Josh had fallen to sleep on the cot by the window-he done prayed so hard so long, and drank so much whiskey, he fell sound to sleep-likened to a hibernating bear; Ashley had crept, tiptoed into his shanty, his room to see ((it was as if she knew he’d fall into a deep sleep, perhaps she had put something in that jug of his, who’s to say, but she could have recalled the story Josh had told her earlier on, what had taken place in New Orleans, when Josh got sick and yellowish, after he woke up, and found all his money gone, and perhaps the Ghost had a formula for just that kind of sleeping)(rumor had said, back in the early days, when the Ghost was more youthful, he’d be back in the thicket-the dense stand of trees and tall shrubs behind his hut making voodoo like recipes for magic spells, and potions, etc.)) And then she went down the path that led to the Ghost’s shack. The old man, in the shack had gotten ready, having a work to act upon.
In the course of the following hour, Ashley had reached the bedroom of Mr. Charles T. Hightower, pulled back the rug, pulled up the board that hid the gold coins, her sole intention of having all of them but one, her mother in the kitchen, unaware of what was going on-had she known, she might have stopped her, or joined her to go with her daughter to New Orleans, and in either case, Ashley wanted no part of that. And after counting the thirty or more twenty-dollar gold pieces, she wrapped them in a pillow sheet, and returned to the old man’s cabin, the undertaking accomplished, dropped a twenty-dollar gold piece on his table, her thinking was now different, and forever would be: she said no goodbyes to anybody, she just up and left-just like that, prepared to find her way to New Orleans-come hell or high-water, she was a free woman, as was ever black man and black woman in America now. And she’d not have to remain hidden, because no one knew it was her, and by the time Mrs. Hightower found out the gold was gone, who’s to say when that would be. And who’s to say she knew it was there in the first place? It didn’t matter one way or the other. To her, it wasn’t any sin to take from people that enslaved you and your mother all their lives and made them work for nothing. She came into the world a slave, and that wasn’t the way she was leaving. She called it retribution, with a tribute.
Josh Jefferson’s Shanty
Josh was still sleeping, and it still was not too late to do what had to be done, Josh was the only one that could point a finger at Ashley, or the Ghost, should the law ask, but no one would believe the old Ghost anyhow plus he was part of the scheme, and he hardly could walk to do what he needed to do, so it would seem to the law-if it came to an investigation, it wasn’t him. But he still could hobble forward to the back of the house, take some dry cotton from last years crop (that was left by Ashley for him in back of Josh’s shanty) along with some dry blackjack oak -found in the dense undergrowth, nearby, beyond the last of the cabins, and with a lit lantern, he lit it on fire, in hopes that it would burn fast enough to collapse the house onto Josh-while he was sleeping, in that momentary hibernation-and kill him.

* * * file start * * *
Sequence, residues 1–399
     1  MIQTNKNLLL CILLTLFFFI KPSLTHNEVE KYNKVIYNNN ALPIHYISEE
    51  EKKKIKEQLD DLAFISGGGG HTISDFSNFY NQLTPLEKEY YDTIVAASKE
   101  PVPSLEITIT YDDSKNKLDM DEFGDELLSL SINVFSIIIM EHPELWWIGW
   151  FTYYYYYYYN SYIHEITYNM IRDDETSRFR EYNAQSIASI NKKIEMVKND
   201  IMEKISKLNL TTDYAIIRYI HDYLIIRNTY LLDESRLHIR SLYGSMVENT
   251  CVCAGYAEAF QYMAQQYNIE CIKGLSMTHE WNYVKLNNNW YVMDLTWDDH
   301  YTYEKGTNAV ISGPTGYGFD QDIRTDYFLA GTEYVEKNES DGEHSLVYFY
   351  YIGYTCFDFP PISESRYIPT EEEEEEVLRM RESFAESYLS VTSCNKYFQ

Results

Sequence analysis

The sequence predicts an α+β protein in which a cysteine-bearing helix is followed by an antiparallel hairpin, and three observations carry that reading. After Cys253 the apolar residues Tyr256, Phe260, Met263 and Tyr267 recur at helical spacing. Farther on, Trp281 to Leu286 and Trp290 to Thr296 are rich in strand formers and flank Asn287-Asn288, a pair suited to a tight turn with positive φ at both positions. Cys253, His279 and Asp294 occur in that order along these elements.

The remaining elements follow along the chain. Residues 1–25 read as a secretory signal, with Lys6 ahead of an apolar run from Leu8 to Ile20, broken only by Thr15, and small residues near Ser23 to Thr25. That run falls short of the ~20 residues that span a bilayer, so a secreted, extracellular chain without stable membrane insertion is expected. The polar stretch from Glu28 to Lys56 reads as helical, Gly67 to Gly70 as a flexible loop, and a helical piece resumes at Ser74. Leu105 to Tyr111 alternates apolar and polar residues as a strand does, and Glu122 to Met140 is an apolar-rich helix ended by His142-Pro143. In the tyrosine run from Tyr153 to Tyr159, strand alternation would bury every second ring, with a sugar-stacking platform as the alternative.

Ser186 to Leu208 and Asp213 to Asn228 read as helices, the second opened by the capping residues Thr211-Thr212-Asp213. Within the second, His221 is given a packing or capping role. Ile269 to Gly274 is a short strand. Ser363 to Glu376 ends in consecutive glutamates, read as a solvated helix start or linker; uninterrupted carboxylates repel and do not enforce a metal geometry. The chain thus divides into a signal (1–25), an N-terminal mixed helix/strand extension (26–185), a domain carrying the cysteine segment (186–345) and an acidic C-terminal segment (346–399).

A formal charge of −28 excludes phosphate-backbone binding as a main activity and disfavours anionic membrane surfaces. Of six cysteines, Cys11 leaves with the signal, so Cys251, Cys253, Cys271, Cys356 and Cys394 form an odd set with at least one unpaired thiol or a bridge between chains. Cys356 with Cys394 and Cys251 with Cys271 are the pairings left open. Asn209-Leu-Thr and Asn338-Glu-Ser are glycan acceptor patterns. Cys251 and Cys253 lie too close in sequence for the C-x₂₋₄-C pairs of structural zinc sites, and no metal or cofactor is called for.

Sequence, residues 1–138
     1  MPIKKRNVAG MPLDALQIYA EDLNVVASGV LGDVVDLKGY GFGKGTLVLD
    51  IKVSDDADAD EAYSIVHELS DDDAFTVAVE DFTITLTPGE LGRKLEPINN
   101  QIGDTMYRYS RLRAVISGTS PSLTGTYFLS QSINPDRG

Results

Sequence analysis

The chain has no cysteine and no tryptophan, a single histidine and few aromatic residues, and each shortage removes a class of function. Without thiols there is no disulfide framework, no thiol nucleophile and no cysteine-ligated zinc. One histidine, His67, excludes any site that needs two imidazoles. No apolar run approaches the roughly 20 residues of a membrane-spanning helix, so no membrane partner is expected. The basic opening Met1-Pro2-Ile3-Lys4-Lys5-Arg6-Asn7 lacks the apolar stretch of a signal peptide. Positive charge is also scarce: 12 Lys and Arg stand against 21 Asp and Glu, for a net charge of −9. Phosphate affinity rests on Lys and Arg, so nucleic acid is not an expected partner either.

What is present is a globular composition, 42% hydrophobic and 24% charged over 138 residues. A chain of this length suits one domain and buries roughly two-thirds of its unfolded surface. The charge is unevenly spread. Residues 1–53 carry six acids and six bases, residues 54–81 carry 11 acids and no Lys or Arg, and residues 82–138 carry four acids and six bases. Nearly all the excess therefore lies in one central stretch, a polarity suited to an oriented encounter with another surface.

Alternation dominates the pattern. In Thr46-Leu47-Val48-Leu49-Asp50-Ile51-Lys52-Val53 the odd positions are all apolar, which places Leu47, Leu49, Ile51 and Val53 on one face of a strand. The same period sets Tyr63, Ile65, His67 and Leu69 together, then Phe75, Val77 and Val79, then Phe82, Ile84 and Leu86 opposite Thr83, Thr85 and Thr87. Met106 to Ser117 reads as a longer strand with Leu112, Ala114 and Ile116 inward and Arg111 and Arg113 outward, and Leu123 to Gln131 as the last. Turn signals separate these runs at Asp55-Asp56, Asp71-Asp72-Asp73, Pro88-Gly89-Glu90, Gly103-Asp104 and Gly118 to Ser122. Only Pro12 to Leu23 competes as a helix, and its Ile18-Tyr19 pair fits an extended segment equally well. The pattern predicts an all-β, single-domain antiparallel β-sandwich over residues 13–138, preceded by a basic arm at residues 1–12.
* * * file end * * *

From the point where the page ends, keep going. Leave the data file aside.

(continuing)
It seemed like God sent someone to make sure the harvest went well, but no one to watch that old man, called Ghost. It was late afternoon, the sun was warm, and the air was pleasant. And there was a light breeze, and the old man lit the cotton with his oil lamp and hobbled back to his shanty, and took his gold piece off the table and hid it under a floorboard. The breeze was blowing onto the back of the house, blowing the cotton that was on fire and now the blackjack against the house, and it seemed the devil had cultivated this perfectly; the old wood went ablaze quickly. The fiery, yellow, red and blue flames, went sky high in a matter of minutes, and it was warm and the fire crackled and popped, and sparks from the wood on fire went everywhichway-like lightening bugs, the side of the wall burned upward in a matter of seconds; burning like a crawling snake onto the roof caving it in, and onto Josh below, spinning a heap of wood everywhichway.
The Smiley’s saw the fire (as did the visiting Ella and Emma) and so did Silas, the old Ghost didn’t come out of his hut; he just sat back on his chair–that was over the floorboard where the coin was hidden, and there he sat, as if someone had turned off a switch, to an engine.
It was not to be realized how fast a fire could spread, with the perfect conditions-it wouldn’t take long before the hut burned down to the ground no different than a pile of dry autumn leaves, with Josh in it, looking like a burnt heap, crooked like a fetus. Ashes all about, Even Molly came running from two miles away and by the time she got to the Hightower plantation, it was all over, not much more to be said, and no one noticed the Ghost was gone or Ashley. I reckon no one cared. Molly cried on Silas’ shoulder. The only thing left to be seen of the old shanty was the beat-up old brick chimney standing parched-dry to the bone of life, twilight being the only thing that outlined its horn like appearance.
After Silas buried his pa that evening, he went to Molly’s house to comfort her, and he’d end up living there. And Jordon never did return back to the Hightower plantation after he gave the elegy for his pa, he stayed in Ozark working at the store living in the back and sleeping on the cot-the very same one he had for years, and the boll-weevils and weeds and Cotton wilt (a fungus plague) destroyed the cotton harvest, and Ella and Emma were left at their mansion alone, as two spinsters. And thus, started the reconstruction era of the south; as for Ashley, she made it to New Orleans and Granny Mae never heard from her again, although rumor said she was doing well, was in partnership with someone in a brothel.